This year will be a big one as it is the centenary of the establishment of the RAF.  This will be marked by a programme of events to celebrate their achievements and to inspire others for the future.  Details of local events had not been finalised at the time of our interview but will be available on the station website. The RAF’s aim in its centenary year is reflect on its history and achievements, to celebrate the work the RAF is currently doing and look forward to the next 100 years.

 

Apart from the problem about engineers, the RAF doesn’t seem to have many difficulties in recruitment.  There are many trades that can be learnt: pilot, IT technicians, chef, soldier (in the RAF regiment), driver or intelligence officer to name but a few.

 

How does Tim relax?  By spending as much time as possible with his family.  “I met my wife at university and I think she understands the RAF better than I do.”  The job is demanding but he finds time goes by quickly, a process he describes as “long days, short weeks”.  Between work and family he has little time for other activities, although rumour has it that he is a talented pianist. “It’s true I play. In fact, while detached the British Embassy in Kabul a few years ago, I was asked to play at an Arts Festival in the City. Most people there had never seen a piano played live; so there I was, in front of 700 young people from Afghanistan, giving them my best rendition. They seemed to like it! An hour later I was back in the office sending emails to the MOD. Being in the RAF is certainly no ordinary job.”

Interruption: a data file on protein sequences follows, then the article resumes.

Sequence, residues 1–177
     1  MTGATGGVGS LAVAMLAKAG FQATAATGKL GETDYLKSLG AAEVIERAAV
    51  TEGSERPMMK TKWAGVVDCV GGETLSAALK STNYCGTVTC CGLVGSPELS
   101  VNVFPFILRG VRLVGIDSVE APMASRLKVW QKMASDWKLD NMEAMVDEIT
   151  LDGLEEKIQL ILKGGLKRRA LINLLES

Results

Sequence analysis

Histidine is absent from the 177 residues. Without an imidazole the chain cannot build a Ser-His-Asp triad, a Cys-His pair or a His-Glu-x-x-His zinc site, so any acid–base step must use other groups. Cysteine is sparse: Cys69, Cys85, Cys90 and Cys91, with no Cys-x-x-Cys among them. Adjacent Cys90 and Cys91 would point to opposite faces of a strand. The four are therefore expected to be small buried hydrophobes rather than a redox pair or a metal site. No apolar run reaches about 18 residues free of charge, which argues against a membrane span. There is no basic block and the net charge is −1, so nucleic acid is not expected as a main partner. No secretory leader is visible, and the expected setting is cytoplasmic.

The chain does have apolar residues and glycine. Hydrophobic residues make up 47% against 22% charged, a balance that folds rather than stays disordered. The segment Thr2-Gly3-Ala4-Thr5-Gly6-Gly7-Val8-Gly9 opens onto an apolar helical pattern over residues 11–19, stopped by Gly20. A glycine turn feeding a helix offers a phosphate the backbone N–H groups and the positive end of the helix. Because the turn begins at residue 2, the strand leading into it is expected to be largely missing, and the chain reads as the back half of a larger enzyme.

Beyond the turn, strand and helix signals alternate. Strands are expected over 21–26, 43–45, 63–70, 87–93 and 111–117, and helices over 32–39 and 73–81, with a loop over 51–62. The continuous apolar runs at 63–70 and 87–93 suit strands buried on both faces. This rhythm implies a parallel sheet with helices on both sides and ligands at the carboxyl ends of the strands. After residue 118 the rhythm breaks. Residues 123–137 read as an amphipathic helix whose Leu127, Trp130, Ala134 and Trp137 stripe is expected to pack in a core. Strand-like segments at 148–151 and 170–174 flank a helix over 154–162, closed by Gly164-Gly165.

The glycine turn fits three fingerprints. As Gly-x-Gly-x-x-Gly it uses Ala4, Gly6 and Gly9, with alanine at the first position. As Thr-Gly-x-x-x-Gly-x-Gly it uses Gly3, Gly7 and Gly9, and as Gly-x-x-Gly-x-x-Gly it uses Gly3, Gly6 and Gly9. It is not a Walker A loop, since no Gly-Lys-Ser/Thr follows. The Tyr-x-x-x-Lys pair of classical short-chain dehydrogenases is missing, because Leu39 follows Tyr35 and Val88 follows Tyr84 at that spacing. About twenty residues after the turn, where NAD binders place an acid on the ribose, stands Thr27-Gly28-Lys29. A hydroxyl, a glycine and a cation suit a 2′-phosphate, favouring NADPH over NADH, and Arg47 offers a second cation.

What will be his next move?  His two-year tour of duty at Brize will end later this year.  It could be a one year academic course in some aspect of defence studies, “a big contrast with my present job”.  He has already done a degree in defence studies.  The courses are tri-service and some of the participants are from overseas, including from countries where the armed forces have a lot of political power and valuable contacts can be made.  “It can be very helpful in times of trouble if the senior officers from different countries know each other”.  Wherever he goes next, we are sure that Group Captain Jones will continue to be a high flyer.

Brize Norton’s Air Mobility Force was deployed to deliver vital aid, essential equipment and skilled military personnel to the British Virgin Islands which had been devastated by Hurricane Irma last September.  Many aircraft took part in this,code-named Operation Ruman, and more than 2000 UK military personnel took part in the airlift. During the operation, Air Movements Squadron processed a total of 62 flights, 2,508 passengers, and 2,096,754kgs of freight across 4,000 miles. All four aircraft types from RAF Brize Norton were involved in the operation which is the first time they all worked together. One of the officers we talked to, Flt Lt McDonald, was based in temporary accommodation at an airport in Barbados for five weeks coordinating up to five aircraft at a time which were held at a staging post there and sent forward to the islands as needed.  She went out one the second flight out, 12 hours after the disaster, and returned on the last flight back.  It is hard to understand why there was carping at the time about the supposed inadequacy of the UK response.